There’s a reason an upper-level course at the University of New Hampshire - formally known as Marketing 762 - has been nicknamed by students who take it “Marketing Boot camp.”
The course has been part of the school’s curriculum for over 10 years, but its focus changed after it was taken over by adjunct faculty member Jacalyn Cilley. Students in Cilley’s class are required to complete comprehensive market research projects for local and regional businesses. Each participating business has a specific marketing question and contracts a team of students to find an answer.
Originally, students in the class worked only for large corporations. But after noticing that the majority of her students went on to work for small businesses, Cilley shifted the focus of the course to “give students the chance to experience a wide variety of companies.”
UNH charges client companies $750 for each 15-week project. Some businesses have used information from the projects to make strategic decisions.
In the spring of 2003, Cleve and Mindy Horton of Calef’s Country Store in Barrington contracted Marketing 762 students to take on a project.
The Hortons sell everyday necessities to locals, but they also market to tourists by selling authentic New Hampshire crafts and food products. At Calef’s the Hortons weighed the effects of starting a Web site, concerned that a site might change the “country feel” of the 130-year-old business.
So they asked students to find out what impact a Web site would actually have on the store’s image. “I was impressed with their dedication,” Cleve Horton said. “I didn’t have to spend time explaining the company that I’ve lived and breathed for the past eight years. They were very respectful of my time.”
Horton took his Web design team to the students’ final presentation, and the team made design decisions based on the students’ research and recommendations.
For instance, instead of a “frequently asked questions” page, the Calef’s site (calefs.net) contains a link to an “Ask Joel” page, an idea from the group of students who worked on the project.
Joel is an employee of the store who has been there for over 50 years. Horton said that the “Ask Joel” page has helped maintain the store’s “familiar face” atmosphere. If he could spare the money, Horton says, he would contract students from the workshop class for another project.
The course has attracted other repeat customers, like Spaulding University of Kentucky, which is returning this spring for its third project.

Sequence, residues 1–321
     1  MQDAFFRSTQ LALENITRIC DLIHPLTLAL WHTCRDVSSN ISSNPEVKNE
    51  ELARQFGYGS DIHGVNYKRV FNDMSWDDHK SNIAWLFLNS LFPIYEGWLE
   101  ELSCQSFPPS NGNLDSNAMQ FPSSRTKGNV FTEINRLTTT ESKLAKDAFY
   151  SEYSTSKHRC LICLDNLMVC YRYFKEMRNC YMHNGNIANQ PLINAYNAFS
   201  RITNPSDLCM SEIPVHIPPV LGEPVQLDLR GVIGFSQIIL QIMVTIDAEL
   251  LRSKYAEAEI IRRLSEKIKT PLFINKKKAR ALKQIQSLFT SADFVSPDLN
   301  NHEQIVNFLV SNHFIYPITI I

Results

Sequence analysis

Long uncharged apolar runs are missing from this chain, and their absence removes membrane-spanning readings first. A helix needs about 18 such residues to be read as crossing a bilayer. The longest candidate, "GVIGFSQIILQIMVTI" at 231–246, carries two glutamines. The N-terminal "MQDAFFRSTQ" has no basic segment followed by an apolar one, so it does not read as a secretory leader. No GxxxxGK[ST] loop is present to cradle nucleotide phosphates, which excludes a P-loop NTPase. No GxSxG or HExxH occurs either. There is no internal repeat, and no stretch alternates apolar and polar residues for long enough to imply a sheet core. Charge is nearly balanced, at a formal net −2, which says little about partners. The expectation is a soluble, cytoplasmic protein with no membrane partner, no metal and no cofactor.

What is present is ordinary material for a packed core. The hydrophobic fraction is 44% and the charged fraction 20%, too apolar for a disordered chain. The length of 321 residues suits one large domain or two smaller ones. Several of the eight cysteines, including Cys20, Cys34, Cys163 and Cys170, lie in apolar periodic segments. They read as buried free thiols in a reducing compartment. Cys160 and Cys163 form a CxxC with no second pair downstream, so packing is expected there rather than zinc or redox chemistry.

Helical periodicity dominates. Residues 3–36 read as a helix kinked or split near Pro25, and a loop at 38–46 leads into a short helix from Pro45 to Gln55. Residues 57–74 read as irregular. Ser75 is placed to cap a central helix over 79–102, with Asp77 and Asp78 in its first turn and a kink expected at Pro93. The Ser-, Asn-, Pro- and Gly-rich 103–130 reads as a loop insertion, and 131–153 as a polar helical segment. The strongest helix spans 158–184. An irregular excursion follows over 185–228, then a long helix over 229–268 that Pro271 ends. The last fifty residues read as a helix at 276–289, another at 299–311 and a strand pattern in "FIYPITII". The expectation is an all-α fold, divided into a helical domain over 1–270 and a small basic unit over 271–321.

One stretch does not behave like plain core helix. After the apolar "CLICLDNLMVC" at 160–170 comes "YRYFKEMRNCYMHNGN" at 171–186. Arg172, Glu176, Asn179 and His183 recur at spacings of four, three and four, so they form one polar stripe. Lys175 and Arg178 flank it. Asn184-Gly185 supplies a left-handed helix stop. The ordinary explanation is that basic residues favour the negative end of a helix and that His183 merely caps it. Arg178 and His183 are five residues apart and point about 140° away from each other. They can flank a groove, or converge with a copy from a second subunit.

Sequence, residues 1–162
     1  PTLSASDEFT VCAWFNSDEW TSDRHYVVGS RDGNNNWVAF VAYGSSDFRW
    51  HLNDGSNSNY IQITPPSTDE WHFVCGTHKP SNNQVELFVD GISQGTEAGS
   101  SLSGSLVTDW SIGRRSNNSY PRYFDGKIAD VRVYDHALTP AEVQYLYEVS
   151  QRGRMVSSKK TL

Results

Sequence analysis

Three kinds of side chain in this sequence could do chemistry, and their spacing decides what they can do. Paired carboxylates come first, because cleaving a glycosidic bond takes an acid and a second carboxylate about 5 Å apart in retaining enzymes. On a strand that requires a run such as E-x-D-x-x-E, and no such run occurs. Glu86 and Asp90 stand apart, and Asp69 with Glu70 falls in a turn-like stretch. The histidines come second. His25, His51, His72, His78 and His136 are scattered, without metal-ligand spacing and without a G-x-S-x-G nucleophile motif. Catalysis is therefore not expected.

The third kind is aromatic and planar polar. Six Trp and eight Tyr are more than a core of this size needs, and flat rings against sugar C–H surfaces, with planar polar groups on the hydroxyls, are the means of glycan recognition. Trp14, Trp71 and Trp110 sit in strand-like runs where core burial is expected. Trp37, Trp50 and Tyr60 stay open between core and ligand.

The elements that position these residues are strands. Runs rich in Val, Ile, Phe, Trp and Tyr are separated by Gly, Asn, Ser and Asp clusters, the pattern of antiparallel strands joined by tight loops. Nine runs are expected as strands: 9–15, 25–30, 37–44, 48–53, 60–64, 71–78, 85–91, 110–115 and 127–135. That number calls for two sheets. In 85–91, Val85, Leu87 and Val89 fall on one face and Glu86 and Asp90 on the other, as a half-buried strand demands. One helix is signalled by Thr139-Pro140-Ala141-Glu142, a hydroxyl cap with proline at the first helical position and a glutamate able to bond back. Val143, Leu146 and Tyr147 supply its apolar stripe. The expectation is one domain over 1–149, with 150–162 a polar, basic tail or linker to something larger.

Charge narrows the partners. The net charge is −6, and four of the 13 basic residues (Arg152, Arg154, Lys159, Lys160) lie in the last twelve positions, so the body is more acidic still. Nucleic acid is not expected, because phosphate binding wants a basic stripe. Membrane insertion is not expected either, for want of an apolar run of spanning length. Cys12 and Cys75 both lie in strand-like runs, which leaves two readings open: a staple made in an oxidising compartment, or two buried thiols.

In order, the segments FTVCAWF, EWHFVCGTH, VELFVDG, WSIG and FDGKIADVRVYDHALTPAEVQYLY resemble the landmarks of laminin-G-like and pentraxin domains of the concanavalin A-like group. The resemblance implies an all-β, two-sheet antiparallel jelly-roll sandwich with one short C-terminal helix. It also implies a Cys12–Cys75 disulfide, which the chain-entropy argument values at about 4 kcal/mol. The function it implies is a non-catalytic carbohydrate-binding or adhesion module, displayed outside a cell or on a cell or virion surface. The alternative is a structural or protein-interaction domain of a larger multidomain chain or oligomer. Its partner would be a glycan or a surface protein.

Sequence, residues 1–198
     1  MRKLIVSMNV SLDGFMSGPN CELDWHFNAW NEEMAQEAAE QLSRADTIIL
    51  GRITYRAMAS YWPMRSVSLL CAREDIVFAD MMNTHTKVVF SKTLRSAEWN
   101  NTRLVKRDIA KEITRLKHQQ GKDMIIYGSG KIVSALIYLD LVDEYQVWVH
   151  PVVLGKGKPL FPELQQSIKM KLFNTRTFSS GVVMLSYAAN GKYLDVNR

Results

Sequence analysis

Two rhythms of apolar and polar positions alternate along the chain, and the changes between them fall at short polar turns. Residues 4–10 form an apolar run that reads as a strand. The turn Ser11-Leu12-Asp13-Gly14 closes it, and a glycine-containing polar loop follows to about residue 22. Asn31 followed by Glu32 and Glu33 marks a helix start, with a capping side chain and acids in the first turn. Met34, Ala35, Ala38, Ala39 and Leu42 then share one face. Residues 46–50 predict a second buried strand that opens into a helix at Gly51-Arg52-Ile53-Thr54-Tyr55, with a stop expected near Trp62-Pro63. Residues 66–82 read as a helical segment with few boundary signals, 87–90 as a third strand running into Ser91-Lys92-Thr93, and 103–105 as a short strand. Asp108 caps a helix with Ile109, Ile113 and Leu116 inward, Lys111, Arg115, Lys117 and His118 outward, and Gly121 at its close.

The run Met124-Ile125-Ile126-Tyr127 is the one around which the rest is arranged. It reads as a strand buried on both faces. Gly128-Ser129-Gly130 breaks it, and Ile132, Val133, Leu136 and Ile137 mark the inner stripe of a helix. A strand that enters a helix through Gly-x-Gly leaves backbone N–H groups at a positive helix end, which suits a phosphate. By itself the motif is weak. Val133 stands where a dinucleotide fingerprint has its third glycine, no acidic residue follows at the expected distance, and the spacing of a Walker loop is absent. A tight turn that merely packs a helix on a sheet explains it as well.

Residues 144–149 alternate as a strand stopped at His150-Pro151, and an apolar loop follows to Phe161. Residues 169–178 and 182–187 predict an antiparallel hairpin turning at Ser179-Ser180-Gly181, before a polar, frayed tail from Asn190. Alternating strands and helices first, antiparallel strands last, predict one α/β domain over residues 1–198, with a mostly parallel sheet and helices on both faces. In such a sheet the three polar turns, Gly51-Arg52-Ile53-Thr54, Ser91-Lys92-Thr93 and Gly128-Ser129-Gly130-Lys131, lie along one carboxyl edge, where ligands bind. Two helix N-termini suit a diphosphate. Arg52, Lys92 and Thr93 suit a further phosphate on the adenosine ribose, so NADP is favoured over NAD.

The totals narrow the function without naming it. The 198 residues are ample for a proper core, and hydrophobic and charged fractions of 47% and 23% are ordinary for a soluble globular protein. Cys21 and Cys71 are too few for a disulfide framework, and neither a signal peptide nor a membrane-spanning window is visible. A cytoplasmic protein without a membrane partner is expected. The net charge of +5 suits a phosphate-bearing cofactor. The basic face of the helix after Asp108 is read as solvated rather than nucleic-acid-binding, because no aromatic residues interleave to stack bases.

Cilley’s course is designed to simulate the business world. Students are graded on professionalism and must present full bibliographical information for their research. Some students say they spend on average 20 hours per week scanning trade magazines, searching on-line databases, designing surveys and conducting in-depth interviews. The surveys are then completed by consumers and the results entered into a database. Using statistics software, students assign values to survey answers and analyze the data.
During the 2004 fall semester 36 students worked together in small groups completing seven marketing projects, using Cilley as a senior consultant. At the end of the course, all 36 students had worked for such clients as Hannaford Bros., Bauer/Nike and Landcare Associates.
A former student, Lindsay Morgan, called the class “fast-paced,” saying that she feels for students who don’t know what they’re signing up for.
From the beginning of the semester, Cilley expects each student to log 10 hours per week on the project. The general feel from the students, however, is that Cilley demands at least 20 hours per week. In fact, Morgan said, it’s like having a job. One group in her class got slightly behind and was putting in 40 hours per week at the end of the 2004 semester.
One reason for the intense workload is the amount of writing involved. According to Cilley, professional writing is 60 percent of the course. Students have to write initial client questions, then a marketing project proposal to pitch to the client, consumer surveys, class and client presentations and weekly status reports.
The writing must be polished, said Cilley: “You have to be able to convey your idea clearly and concisely and very, very accurately. I’ve actually kicked e-mails back and said, ‘When I understand what you’re looking for here, which means I have to see clear punctuation, good grammar and appropriate spelling, then I’ll answer the e-mail.’”
When asked what the difference was between a student who took her course and a student with a more traditional university experience, Cilley said that students who complete the course are much more prepared for the work force because they learn to expect demands to be placed on them.
For example, she said, “I had a student who graduated in 2003 and is now employed by one of the top ad agencies in Boston. Her employer was just astounded by the fact that at the end of the week she automatically did a status report. Not only were they surprised that she did it, but they were surprised at the comprehensiveness of it.”
For more information about participating as a client in the Marketing 762 program, call Jacalyn Cilley at 862-3329.
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This article appears in the March 4 2005 issue of New Hampshire Business Review